The issue might be that writer and director Gregory Wilden tries to pack an extraordinary amount of dense mythology into 120 minutes. The film moves so fast that it’s almost impossible to keep track without a score card.
What are the “pros” in this scenario? The Prophecy contains very distinctive and scary images of devils, angels, and the afterlife. Koetas does well with a somewhat cliched role of the cop that has “seen it all.” He even sells us on the fact that he was once a man of the cloth (his religious aspects are still causing him some inner torment).
Mostly, though, there is Christopher Walken. He’s menacing and funny; and is missed dearly whenever he leaves the screen.
The Challenge Part Two (or the “Agony of Defeat.”)
This hasn’t been wonderfully succinct or particularly positive, has it?
I still have two more movies to mention...drat!
There’s a point of confusion for me with this movie. I originally saw a chunk of it on late night TV when it was called by the much more appropriate title The Wisdom of Crocodiles. This is half of a wonderfully intriguing and original “vampire” film starring an eerily young looking Jude Law (pre-hair loss). I would compare it to a glossier, artier version of George A. Romero’s Martin (in which you don’t know if our main character is a true vampire or not).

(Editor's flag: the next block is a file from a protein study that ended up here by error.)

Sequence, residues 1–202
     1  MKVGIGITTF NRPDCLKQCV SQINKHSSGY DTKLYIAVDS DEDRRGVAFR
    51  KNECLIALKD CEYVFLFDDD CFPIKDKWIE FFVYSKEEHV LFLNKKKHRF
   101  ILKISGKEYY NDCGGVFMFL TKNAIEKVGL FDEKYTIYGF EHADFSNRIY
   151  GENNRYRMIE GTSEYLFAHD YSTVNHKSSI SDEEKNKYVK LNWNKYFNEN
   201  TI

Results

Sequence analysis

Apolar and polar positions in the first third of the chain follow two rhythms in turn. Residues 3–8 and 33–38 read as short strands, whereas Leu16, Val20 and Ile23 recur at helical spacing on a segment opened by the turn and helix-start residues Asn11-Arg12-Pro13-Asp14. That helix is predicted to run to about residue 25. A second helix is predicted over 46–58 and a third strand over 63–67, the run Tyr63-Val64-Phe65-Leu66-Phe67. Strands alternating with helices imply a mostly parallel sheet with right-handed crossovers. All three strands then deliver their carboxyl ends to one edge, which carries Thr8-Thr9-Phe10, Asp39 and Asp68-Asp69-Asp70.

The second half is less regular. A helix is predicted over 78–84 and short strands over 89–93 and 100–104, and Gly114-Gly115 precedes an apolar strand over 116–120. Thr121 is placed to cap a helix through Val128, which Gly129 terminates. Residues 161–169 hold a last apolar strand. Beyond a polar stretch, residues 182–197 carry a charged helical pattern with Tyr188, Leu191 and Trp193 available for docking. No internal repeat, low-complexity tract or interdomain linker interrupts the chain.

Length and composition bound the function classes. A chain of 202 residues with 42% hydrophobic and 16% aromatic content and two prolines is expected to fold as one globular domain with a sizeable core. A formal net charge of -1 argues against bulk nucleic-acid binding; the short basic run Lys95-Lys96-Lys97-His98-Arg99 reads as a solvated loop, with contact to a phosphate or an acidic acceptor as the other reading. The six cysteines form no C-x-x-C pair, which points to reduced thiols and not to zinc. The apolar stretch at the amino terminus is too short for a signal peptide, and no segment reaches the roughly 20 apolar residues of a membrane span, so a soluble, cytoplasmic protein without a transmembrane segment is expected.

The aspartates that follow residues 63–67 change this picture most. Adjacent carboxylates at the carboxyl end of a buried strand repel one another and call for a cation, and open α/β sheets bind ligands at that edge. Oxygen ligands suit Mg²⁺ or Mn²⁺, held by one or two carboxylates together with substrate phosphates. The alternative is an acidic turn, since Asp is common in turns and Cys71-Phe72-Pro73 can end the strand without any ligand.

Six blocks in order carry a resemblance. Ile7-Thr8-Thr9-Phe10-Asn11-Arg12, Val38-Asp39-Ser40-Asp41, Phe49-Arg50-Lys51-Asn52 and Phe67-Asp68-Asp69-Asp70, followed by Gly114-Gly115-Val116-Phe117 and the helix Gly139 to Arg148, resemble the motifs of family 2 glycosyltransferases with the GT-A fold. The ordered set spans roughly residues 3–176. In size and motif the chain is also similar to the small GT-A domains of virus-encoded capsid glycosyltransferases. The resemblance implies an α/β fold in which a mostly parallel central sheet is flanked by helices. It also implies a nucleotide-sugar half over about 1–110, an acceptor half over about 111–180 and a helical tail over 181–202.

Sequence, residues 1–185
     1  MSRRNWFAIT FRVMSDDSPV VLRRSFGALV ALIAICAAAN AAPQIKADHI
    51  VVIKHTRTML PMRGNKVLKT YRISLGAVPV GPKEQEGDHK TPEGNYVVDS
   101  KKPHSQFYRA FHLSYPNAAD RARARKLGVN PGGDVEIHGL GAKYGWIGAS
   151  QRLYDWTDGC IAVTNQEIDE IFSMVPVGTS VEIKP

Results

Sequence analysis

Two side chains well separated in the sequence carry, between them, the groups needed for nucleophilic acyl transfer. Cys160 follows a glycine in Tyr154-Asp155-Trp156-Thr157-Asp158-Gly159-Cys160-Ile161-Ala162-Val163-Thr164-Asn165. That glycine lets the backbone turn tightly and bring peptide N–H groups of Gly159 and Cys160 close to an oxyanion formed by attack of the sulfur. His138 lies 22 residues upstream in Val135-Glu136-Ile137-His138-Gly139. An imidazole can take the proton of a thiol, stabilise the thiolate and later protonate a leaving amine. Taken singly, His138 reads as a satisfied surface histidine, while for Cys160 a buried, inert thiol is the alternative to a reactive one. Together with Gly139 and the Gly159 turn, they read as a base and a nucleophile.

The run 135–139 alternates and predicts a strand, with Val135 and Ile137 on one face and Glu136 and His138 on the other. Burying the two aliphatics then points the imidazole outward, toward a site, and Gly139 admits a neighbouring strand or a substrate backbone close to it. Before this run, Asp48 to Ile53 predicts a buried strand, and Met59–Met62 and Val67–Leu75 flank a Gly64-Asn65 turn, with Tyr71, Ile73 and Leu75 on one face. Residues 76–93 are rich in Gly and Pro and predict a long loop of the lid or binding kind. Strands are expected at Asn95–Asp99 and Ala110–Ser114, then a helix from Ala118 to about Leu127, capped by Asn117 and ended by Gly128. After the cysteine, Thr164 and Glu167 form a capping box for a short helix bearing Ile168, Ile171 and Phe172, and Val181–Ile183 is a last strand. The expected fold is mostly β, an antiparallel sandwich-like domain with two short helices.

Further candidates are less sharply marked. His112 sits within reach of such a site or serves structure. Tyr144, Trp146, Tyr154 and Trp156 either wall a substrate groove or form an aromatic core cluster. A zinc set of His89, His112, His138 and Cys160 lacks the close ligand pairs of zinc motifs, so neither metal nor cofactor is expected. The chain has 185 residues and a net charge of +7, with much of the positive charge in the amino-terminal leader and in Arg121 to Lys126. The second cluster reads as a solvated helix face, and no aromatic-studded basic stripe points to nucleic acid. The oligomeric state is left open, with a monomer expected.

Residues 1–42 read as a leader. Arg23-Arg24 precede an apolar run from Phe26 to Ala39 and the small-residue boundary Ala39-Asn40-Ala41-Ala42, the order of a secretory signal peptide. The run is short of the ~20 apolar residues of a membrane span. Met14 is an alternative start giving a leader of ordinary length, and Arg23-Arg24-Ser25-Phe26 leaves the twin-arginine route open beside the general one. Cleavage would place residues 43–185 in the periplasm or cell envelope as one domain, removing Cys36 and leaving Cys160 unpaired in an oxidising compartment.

I won’t delve too far into the Law character’s methods of womanizing and manipulation. I’ll just say that he is an entirely plausible pseudo-vampire, and deserves a stronger film to fully delve into his twisted psyche.
The second half of the movie falls completely out of sync with what we just watched. There’s too many balls in the air, and my attention was spread thin with the vast number of subplots. Each one of them is rich enough to carry itself, but mix them all together and you get a lumpy milkshake.
(Succinct...Succinct...Positive...Positive. I can do it!)
I thought this movie fucking blew. That was until it came to the “open for a sequel” ending and left me hanging.
Another “vampire” flick: good atmosphere, quality make up effects, and Angus Scrimm in a cameo.
Yeah, the end. (See, I can do it.)
Hey, Echo Bridge...
I wasn’t joking about that box of free DVDs.